She waited an agonizing six weeks before her insurance agent was able to get the bill reduced by $500. During that time, Lillard shopped around for coverage, but she said other providers were hesitant to insure her 17-year-old roof, but she spent $100 on an inspection that found it has least six to eight more years of life.
“I’m petrified that they’re going to make me replace my roof in two years,” she said. “They’ve got us coming and going. We have no choice.”
Her 83-year-old mother is in a much more dire situation. Unable to afford the more than $4,200 bill from Citizens, she’s packing up the home she bought with her late husband and lived in for 36 years. Lillard said her mother would look for a townhouse to rent between Sebastian and Sanford, where her other daughter lives.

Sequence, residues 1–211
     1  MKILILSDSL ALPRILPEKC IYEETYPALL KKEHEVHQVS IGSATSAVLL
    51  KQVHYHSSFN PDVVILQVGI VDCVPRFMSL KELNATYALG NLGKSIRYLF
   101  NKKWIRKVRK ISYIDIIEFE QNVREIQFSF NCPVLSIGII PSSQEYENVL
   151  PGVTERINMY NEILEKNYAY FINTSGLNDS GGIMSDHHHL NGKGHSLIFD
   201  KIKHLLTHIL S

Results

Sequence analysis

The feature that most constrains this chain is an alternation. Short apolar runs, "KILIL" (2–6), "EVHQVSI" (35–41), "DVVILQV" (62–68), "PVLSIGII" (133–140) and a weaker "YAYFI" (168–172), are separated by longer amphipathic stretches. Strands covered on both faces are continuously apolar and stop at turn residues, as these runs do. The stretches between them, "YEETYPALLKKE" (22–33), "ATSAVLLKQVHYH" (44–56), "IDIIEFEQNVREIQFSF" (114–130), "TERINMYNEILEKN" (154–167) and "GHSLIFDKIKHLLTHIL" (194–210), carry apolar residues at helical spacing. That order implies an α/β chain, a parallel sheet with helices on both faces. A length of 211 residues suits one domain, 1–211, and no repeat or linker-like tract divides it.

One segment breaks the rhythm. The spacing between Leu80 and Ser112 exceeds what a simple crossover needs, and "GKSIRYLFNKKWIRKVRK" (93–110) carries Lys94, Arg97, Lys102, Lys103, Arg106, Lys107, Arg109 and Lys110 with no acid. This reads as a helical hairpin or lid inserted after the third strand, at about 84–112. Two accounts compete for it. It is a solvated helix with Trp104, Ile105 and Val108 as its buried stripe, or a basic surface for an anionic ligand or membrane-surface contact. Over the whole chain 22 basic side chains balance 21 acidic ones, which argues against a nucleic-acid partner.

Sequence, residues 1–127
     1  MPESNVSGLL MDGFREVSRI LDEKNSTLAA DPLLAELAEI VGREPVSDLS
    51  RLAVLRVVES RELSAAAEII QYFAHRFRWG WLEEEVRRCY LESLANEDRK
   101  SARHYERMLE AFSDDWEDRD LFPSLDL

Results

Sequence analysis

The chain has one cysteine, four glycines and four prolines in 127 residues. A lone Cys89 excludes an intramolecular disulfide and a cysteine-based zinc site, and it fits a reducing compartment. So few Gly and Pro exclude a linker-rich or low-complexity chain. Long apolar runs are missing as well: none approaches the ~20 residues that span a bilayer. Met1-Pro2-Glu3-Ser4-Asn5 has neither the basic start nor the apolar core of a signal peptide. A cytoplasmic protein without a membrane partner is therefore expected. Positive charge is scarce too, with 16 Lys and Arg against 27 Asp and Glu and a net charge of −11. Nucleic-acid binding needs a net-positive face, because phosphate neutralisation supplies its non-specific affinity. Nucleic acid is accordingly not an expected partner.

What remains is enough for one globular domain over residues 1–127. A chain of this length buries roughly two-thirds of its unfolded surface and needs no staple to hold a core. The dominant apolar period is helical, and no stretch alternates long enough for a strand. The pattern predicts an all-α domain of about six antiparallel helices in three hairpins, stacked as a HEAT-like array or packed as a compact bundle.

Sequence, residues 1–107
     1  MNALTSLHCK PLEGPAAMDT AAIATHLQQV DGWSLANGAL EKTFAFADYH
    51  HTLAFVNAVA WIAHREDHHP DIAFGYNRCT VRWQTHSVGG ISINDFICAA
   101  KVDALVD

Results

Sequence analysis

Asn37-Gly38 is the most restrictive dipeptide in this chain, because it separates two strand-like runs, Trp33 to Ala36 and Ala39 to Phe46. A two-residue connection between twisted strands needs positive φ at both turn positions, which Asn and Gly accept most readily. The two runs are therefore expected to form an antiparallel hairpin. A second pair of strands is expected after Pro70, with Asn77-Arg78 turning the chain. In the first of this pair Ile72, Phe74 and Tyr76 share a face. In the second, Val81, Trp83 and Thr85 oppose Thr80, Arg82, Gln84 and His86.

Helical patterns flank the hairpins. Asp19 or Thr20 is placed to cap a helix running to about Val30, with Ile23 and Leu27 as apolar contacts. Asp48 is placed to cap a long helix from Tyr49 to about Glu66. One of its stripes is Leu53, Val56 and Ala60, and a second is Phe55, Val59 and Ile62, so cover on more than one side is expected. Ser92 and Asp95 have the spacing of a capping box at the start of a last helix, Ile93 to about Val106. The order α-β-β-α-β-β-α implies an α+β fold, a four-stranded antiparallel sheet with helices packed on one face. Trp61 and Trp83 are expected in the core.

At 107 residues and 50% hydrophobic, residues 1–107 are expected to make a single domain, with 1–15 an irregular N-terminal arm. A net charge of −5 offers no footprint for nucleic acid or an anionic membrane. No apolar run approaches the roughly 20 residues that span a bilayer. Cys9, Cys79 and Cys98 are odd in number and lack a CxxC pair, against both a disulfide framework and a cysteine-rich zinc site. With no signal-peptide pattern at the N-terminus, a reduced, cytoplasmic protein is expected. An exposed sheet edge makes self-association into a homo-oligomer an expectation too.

Lillard dreads the thought of leaving herself, although it’s something she is considering. She’d like something she can own without a mortgage and has looked up the coast as far north as South Carolina.
“Even though I don’t want to leave, I need to make it more affordable to live without turning to my kids, because I refuse to turn to my kids,” she said. “I’m not going to ask them to support me and be able to take care of myself, but how am I going to do that with those kinds of expenses?”
She had to take out a cash advance of $2,000 to cover the extra costs and has already withdrawn money from her 401K. Despite the advance having zero interest, it still bothers her that she’s back in debt after working so hard to get out. Lillard has cut back on spending at the grocery store and waits until items go on sale.